This past Wednesday I received my second dose of the Pfizer vaccine. Scheduling had been an anxiety filled website challenge, but my online persistence paid off. Despite all of that, I was filled with an overwhelming gratitude to finally be able to take my turn.

However…excited? Not really. I am just too exhausted – and perhaps numb – from the past year for that quite yet.

As he plunged the needle into my arm, injecting hope for the future, I answered him…

More like relieved.

Excitement will come with time.

Watch and Wait and Water…But Not Too Much

Do you think I killed it?

No you didn’t kill it.

Are you sure? Maybe I overwatered it.

No you didn’t.

I feel so bad. It only lasted a few weeks.

You didn’t kill it. Flowers die.


But of course I know that…

My husband and I received an early Christmas gift at the end of November: a pot holding an amaryllis bulb. I think the last one we ever had was in 1980. Needless to say, the memory of it and its life span has faded.

Directions were thankfully simple – just water when the soil feels dry. Of course then I had to remember to CHECK the soil & make that determination, but in my overwhelmed mind I managed to call up enough neurons to handle the task.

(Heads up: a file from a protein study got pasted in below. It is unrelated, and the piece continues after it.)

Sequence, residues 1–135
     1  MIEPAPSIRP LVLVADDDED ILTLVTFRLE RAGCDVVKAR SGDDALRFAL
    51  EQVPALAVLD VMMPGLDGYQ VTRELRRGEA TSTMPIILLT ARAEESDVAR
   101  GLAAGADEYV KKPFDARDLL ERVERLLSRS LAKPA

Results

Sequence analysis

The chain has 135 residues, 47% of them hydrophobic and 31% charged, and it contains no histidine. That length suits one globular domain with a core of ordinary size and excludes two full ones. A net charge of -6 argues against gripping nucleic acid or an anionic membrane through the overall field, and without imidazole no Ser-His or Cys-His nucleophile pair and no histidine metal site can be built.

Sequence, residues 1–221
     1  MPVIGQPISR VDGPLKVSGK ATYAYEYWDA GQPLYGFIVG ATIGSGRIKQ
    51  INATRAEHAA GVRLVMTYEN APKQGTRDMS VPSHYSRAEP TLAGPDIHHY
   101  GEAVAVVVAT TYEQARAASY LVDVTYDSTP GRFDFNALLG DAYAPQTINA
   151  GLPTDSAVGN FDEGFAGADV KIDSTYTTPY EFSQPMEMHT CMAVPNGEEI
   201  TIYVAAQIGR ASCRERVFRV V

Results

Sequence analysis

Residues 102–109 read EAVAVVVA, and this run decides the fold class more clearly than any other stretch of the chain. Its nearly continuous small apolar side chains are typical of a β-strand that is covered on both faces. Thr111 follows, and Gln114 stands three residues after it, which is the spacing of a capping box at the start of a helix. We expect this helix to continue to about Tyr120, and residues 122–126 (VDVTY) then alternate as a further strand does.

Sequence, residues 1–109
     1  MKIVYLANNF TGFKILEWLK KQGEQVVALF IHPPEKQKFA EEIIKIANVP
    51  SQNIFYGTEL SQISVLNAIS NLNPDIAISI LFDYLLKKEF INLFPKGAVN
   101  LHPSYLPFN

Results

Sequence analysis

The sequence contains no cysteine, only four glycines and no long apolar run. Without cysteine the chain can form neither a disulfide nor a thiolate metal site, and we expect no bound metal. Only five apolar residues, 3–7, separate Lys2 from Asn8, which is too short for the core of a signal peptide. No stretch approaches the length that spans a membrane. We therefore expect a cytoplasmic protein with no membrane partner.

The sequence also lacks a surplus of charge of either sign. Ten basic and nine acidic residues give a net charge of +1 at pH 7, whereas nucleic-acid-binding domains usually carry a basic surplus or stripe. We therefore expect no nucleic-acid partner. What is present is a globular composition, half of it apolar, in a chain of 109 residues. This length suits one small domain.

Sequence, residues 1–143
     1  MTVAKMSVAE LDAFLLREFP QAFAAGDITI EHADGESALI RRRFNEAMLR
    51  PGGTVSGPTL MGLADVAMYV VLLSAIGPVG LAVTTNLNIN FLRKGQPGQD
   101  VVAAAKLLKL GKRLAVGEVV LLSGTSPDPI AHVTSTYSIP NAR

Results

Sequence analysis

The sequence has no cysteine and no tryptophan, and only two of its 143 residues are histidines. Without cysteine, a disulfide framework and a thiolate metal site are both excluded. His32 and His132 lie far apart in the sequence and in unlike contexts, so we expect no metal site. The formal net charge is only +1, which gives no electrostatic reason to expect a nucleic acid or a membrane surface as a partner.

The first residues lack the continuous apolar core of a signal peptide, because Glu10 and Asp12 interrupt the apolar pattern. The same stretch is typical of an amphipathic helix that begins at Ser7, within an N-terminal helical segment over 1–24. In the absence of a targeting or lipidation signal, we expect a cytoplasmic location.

I have had flowering plants before – with varying degrees of success, but never paid such close attention before.

Not to sound melodramatic…but when faced with a pot of dirt and a bulb…meh?…one can forget the potential. As in…what happens next.

No big deal, nothing special, except…it is.

As I felt myself closing in and closing up during these past 8 months, I was drawn to that pot of potential (should I call it magical? maybe so). Glanced its way when I walked through the living room. Curiosity got the better of me – as it often does.

And then nature began to do what nature does. Up close on a shelf under our picture window…safe from the cold wintery scene a glass width away.

And…because it’s what I do…I documented. Cheered it on. Rotated it in the sun. Fashioned a coat hanger as a stake. Moved it back and forth from its spot by the window to keep me company where I sat at my desk in the next room. As the sunlight moved from window to window, so did the pot. I didn’t name this Amaryllis as I did my Coleus plant in college (Calvin Coleus), but I should have. I felt an unusual affinity for Ms. A (as I will now call it/her – after all it gave forth life)….

My own Breaking Happy News.

Watch and wait. A theme for 2020. Through the loneliness of holidays in isolation. Swirling uncertainty about the direction my country was headed. The uneasy realization that I took way too much for granted for too many years.